Walker mentioned there were lots of available women down in town, and lunch concluded. Ted stayed at the table, having only been there for a few minutes. He stretched out and put both his hands behind his head. The blue sky with those puffy white clouds made him smile.

Something crashed in the house, and Ted got to his feet, curiosity burning through him. He wanted another sandwich anyway, so he re-entered the house, expecting to see Megan carrying her newborn and trying to keep the twins away from whatever she’d broken.

He didn’t see her, but another brunette, whose hair color obviously came from a bottle, along with the numerous lighter brown and blonde streaks that fell across her shoulders.

This woman crouched low to the ground, picking up pieces of a glass bowl that had broken. She muttered under her breath and didn’t seem to notice Ted as he approached—a real feat considering the size of his cowboy boots and the echoing tile floor.

“Do you need some help?” he said in his gentlest voice, the one he used on the wild horses when they first arrived at the ranch.

She jumped away from him, straightening and covering her heart with her palm. “You don’t have to yell.”

Ted blinked at her and looked around the house, as if someone would appear and confirm that he hadn’t yelled. “I’ll get the broom.”

“Never mind.” She looked annoyed, but surely she couldn’t have a problem with him. “I’ll just use a wet paper towel.” Her eyes didn’t land directly on his as she moved to the sink and ran the water over a half dozen paper towels. She wrung them out and then swiped the makeshift pad across the floor where the break had happened. “It gets all the tiniest pieces.” She threw the paper towels in the trash and finally faced him.

Her frown deepened and she wrinkled her nose as if he smelled like horse manure. Maybe he did. “Who are you?”

“Ted Caldwell. I work with the broncos.” He grinned at her, pleased when she allowed her lips to curl up slightly. “Who are you?” He allowed his eyes to travel down the length of her body, drinking in her tight jeans and billowy blouse. It was the color of shamrocks and covered with flowers.

She folded her arms. “April.” Her voice indicated that he’d just used the only question she’d allow. “Excuse me.” She started toward the steps that led to the basement, but her hip bumped into the sideboard and a vase teetered, tipped, toppled to the ground.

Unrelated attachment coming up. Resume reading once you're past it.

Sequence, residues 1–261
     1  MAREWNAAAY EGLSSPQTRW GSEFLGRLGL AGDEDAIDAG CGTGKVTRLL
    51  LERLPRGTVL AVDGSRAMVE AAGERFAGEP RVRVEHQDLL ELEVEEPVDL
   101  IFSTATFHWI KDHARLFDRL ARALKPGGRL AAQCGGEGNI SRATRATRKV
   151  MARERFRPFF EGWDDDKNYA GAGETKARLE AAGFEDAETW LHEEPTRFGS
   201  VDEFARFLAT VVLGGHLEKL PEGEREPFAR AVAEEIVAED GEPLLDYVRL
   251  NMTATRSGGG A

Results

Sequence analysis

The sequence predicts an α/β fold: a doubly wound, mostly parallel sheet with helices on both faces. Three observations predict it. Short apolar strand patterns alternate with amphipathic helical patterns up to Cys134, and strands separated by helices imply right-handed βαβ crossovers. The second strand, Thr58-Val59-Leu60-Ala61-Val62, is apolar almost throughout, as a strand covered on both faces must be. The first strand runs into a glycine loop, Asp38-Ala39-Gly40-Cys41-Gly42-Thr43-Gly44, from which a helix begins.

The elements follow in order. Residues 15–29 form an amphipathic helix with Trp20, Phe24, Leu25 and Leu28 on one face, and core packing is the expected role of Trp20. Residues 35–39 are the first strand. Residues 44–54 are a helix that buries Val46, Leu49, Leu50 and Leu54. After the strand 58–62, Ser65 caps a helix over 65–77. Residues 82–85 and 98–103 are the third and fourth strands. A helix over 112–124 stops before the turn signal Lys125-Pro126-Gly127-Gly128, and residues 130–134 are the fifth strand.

April froze as more glass, this time with real wildflowers and water, spilled across the floor. She turned back to Ted with a smile with the wattage of the sun. “Could you get the broom now?”

Ted thought he’d do whatever this woman asked, and he stepped over to the pantry like an obedient dog. He shook his head as he realized what track his thoughts had gone down. Confusion riddled through him. Ted Caldwell didn’t date. Hadn’t dated. Wasn’t interested.

But as he turned back to April, broom in hand, he wondered if maybe it was time to get interested. “What’s your last name, April?” he asked as he wielded the broom with precision to get all the bigger pieces of glass.

“Nox.”

“Where are you from?” He threw the broken glass in the trashcan and reached for the roll of paper towels.

April leaned against the back of the couch that bordered the living room and folded her arms again. As Ted wrung out the paper towels, he noticed a distinct bump beneath her arms. His fingers stuttered and he flat-out stared.

“Wyoming,” she said, her voice as sour as chokecherries. “And yes, I’m pregnant.”

What Readers are Saying

⭐⭐⭐⭐⭐"I love a story with a happy ending and this one has that! Even though each day has enough trouble of its own, the trouble is resolved beautifully. Many thanks to Liz Isaacson for another great read!” ~LKR

⭐⭐⭐⭐⭐ "Life is messy sometimes and I love a book that encompasses real life and real love. Liz always touches my heart.” ~Sherry

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Go up the canyon to Brush Creek Ranch, where a community of retired rodeo cowboys are looking for love...

This series offers a heartwarming journey through a tapestry of stories that interweave the charm of sweet cowboy romance with the serenity of small-town life.